Fire may not be able to wrestle a mountain lion and kill it with her bare hands - but she'd certainly try if it were going to save someone's life. I'm tired of kindness being undervalued. I'm tired of too much compassion being seen as weak. I'm tired of protagonists being looked down upon as "whiny" for daring to express emotion about anything. I'm tired of the fact that to be respected as a woman in books these days you must shrug off emotion and appear always tough and composed. Sometimes you also must reject motherhood and never rely too much on another human being; especially if that human being happens to be a male love interest. Sure, no one likes a perpetual damsel in distress, but that is so far from what Fire is and represents that I have a hard time comprehending any argument choosing to call her such.

Fire does not reject femininity as much as Katsa. She also longs for a child. Again, this is not weak. I respect Fire's desire to have a child the same as I respected Katsa's desire not to; neither is less of a character in my eyes for their choice. It grows tiring to see women saying things like:

"Not that there's anything wrong with a woman choosing _____ but I feel that if the author were going to write an empowered female she would have written her differently."

The above is nothing but implying that what one woman chooses to be in life is less of an example of a strong woman than the other option, and trying to hide the fact of what you're really saying, which is that your opinion of what a woman is and should be is superior even if you claim to believe in us all having a choice.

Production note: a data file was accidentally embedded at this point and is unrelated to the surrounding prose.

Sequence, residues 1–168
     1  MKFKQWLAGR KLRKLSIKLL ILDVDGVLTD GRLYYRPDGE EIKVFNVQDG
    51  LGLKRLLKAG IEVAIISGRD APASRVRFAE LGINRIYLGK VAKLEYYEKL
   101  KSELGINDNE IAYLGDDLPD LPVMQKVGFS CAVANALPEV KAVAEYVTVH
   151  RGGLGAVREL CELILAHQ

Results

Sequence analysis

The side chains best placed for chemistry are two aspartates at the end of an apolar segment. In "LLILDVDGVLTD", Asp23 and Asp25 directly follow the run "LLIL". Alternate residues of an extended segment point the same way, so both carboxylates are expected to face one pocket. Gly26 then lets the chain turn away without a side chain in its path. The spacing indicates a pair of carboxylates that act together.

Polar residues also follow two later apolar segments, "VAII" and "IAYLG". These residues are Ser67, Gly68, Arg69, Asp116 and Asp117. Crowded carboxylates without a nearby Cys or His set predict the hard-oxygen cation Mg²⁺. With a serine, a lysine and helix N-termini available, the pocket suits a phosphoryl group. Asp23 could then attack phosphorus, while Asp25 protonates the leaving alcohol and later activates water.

Where Katsa ran her horses into the ground without a second thought; Fire is kind to animals and cries when she's caused her horse to be injured. She sleeps in the barn with her horse and treats him as a true companion. This was a relief to me because my only major complaint with Katsa was her treatment of her horses. Yet another sign of kindness and a willingness to care that in no way makes Fire a weak character. Quite the opposite actually.

Another thing that has really bugged me in other reviews is that people seem to be pushing their own personal beliefs on to a character who was never going to share their views. Fire isn't running around having casual sex with everyone she meets, but so what if she was? It's her body and not anyone's to police. I think people need to take their own narrow world views out of the picture when they read a book. The sexual bits of this book were hardly explicit and I don't see why this would not be considered acceptable for a YA audience. You know that teaching abstinence only education and pretending that teenagers cannot possibly be mature enough to read details about sex is quite likely the reason that so many young adults end up pregnant, right? I wish people would stop policing other woman's bodies and choices; both in the real world and in the fictional.

And for those angry about (view spoiler) You can say you don't have a problem with lesbians all that you want but when you call an author's choice to use a character, who is perhaps not heteronormative, in their writing a problem; then you are a bigot. Plain and simple. There need to be more positive LBGT role models in fiction, not less.

I will just end this review by saying that I think Fire is a Hufflepuff if I ever saw one. Helga would be proud
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LibraryThing member LisaMaria_C
This is Cashore's second book, which is being called a "companion" to the first book, Graceling. It's not a sequel, because the only thing the two books share is a cameo really from a character in the first book. This one can easily stand alone. The heroine Fire is a "monster." Like Katsa in
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Graceling she's specially marked and specially gifted in a way that sets her off, but otherwise they're little alike and the plot and characters are very different. It's a book that really pulls you in and doesn't disappoint.